A long-term cost/benefit analysis of tax policy against state revenues and spending could benefit the country as corporate taxes account for a major portion of revenues
A man leaves away after closing his factory, which makes blankets, pillows and mattresses, in Ngoc Nu village outside Hanoi June 23, 2011. As Vietnam fights to beat back raging inflation, many of its small and mid-sized businesses, disadvantaged even in good times, are struggling to survive the battle.
Last week at a meeting of the National Assembly's Standing Committee, it was announced that 48,700 companies have closed down or temporarily stopped operations in the first nine months of this year.
The number increased 21.8 percent compared to the same period last year.
However, surprisingly, budget revenues have achieved VND467.1 trillion (US$22.4 billion) as of September, accounting for 78.5 percent of the year's projected revenues, according to statistics recently released by the General Statistics Office.
As a major part of the revenues comes from taxes paid by companies, the figures have people asking why budget revenues are so high while tens of thousands of businesses have gone bankrupt.
There are two possible answers to the question. First, perhaps the bankrupt companies never paid any taxes in the first place. Second, maybe active businesses are being burdened with increasing taxes to cover the losses caused by others' liquidation.
With the variety of difficulties like high input costs, and high interest rates, the tax burden is possibly pushing local businesses to the verge of bankruptcy, or prompting them into tax evasion.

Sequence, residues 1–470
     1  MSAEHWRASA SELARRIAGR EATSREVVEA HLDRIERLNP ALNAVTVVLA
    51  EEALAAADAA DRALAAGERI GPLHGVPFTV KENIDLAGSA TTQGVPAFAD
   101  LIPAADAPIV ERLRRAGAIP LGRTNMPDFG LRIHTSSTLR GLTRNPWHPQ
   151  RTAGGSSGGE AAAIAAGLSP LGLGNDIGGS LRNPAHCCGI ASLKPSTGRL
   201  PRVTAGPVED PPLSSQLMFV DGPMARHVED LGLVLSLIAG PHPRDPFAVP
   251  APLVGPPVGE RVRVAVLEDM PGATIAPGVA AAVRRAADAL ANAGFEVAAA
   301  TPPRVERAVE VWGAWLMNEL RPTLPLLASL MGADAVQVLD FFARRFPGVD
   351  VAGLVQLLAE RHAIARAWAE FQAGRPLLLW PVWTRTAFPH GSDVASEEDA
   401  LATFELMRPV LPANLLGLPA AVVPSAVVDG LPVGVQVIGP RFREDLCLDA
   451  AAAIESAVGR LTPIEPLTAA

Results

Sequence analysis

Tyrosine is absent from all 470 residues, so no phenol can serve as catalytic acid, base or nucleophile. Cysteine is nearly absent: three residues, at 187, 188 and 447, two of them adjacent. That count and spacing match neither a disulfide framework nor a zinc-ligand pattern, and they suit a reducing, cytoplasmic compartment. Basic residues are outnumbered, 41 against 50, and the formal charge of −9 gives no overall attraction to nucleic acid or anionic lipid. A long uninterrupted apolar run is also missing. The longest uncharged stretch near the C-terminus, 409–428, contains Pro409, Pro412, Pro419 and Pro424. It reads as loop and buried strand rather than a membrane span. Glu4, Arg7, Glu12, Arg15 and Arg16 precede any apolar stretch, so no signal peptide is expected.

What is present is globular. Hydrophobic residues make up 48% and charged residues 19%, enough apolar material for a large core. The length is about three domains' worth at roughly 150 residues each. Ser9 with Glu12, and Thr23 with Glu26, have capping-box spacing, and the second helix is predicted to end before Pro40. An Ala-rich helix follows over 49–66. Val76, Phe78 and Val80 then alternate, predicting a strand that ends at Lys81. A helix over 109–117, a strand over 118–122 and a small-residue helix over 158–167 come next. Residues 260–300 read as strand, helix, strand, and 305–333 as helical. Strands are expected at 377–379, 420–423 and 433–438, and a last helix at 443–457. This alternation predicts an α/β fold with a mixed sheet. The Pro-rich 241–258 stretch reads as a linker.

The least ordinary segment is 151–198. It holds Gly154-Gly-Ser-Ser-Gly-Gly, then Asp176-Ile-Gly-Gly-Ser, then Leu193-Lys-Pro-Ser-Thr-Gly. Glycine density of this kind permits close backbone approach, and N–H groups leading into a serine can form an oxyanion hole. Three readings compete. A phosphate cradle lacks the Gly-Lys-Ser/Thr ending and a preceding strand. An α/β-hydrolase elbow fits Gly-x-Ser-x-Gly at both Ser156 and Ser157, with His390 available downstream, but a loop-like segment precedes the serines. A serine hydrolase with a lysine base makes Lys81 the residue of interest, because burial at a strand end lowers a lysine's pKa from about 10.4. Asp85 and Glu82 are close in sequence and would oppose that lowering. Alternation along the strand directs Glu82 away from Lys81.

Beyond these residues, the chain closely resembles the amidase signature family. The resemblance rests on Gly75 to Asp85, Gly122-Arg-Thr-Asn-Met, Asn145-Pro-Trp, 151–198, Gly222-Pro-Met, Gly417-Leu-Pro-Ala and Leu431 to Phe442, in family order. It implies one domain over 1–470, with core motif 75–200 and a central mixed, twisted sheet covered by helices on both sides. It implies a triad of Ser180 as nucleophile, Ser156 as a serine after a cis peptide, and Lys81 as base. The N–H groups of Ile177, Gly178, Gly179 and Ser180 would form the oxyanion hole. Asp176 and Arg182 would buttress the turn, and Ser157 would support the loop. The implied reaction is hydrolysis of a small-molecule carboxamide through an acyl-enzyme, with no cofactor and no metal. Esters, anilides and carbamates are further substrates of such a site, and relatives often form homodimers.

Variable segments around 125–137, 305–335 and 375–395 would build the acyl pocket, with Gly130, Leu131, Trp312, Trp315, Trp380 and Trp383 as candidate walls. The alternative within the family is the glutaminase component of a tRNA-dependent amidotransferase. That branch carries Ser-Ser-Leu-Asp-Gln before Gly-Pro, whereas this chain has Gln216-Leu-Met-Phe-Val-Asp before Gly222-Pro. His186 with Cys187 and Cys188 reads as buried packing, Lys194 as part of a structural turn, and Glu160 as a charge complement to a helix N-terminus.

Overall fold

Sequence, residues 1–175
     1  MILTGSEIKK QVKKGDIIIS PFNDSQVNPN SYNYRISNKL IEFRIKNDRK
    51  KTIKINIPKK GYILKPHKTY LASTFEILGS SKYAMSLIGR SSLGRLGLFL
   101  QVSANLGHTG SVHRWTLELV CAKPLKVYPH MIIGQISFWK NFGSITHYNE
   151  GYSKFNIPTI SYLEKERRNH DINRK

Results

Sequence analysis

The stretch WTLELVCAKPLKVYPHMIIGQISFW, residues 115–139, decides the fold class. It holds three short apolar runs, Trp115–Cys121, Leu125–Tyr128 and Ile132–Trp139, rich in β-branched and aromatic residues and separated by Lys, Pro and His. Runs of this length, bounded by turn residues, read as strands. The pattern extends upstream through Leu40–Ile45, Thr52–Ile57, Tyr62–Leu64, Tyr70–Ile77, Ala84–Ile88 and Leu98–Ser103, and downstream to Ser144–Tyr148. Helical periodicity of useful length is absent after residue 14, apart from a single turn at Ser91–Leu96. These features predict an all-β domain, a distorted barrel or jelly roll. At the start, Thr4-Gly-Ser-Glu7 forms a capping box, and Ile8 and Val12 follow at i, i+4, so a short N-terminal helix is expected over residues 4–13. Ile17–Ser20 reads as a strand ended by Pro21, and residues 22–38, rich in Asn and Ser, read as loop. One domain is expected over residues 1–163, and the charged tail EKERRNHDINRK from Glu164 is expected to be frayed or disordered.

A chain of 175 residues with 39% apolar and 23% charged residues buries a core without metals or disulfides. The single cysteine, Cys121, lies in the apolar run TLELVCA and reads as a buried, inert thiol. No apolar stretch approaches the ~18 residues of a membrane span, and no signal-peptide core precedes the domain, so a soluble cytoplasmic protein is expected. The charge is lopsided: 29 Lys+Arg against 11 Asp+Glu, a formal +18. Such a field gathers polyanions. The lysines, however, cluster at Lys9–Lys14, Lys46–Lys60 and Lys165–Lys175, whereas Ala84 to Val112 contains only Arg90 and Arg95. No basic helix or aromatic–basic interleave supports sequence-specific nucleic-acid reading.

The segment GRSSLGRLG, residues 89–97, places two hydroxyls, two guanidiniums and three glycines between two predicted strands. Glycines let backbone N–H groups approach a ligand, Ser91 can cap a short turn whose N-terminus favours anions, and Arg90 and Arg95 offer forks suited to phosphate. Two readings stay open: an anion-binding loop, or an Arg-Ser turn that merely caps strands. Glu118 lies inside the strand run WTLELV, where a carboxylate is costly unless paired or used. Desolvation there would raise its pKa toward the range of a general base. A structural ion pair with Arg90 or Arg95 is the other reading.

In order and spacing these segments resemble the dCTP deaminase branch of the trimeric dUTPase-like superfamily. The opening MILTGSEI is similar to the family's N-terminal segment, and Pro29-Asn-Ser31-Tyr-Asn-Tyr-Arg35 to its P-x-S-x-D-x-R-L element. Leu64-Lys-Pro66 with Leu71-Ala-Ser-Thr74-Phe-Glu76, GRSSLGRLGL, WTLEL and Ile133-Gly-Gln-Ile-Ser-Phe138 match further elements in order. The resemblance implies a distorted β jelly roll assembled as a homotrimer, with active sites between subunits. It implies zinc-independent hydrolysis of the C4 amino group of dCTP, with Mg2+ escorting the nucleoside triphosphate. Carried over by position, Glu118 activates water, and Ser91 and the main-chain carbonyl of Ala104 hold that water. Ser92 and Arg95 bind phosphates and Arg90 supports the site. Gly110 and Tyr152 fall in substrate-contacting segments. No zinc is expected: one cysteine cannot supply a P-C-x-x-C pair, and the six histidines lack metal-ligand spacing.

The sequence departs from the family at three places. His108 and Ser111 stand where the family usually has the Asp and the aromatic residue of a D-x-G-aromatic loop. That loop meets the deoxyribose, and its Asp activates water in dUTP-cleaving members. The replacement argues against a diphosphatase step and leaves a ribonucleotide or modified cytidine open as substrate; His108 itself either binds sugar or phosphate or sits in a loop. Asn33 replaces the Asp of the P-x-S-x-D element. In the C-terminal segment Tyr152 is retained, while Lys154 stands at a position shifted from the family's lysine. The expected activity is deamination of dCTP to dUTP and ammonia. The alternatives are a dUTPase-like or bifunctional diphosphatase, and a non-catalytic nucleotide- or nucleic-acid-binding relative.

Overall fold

However, these are just part of the burden's implied problems.
When revenues increase, expenses tend to go up as well. In fact, despite government efforts, public spending hasn't been cut effectively, as pointed out in critiques launched by the National Assembly's Finance and Budget Standing Committee at its most recent meeting.
Over the past few years, Vietnam's budget revenues have increased continuously. In the 1990s, the takings accounted for 15-17 percent of the Gross Domestic Product, and the figure increased to some 20-22 percent in 2000. Now it accounts for up to 28-30 percent of GDP. The rate, if compared to the 15-17 percent rate of other developing countries, and China's 20 percent, is quite high.
The trend seems like it will continue next year with the latest figures. This wouldn't have been a problem if Vietnam's current economy didn't face so many troubles, including high inflation.
It is well known that the greatest deficiency of local businesses is the lack of capital, be it big or small companies. The weakness makes them lose not only on the world market, but on the domestic front as well. In other words, they are currently in need of support, especially given the current circumstances.
The government should adjust related policies, allowing companies to save capital for re-investment. That's not to mention that decreased taxes will give companies a chance to re-structure and prepare for new challenges after the global crisis ends.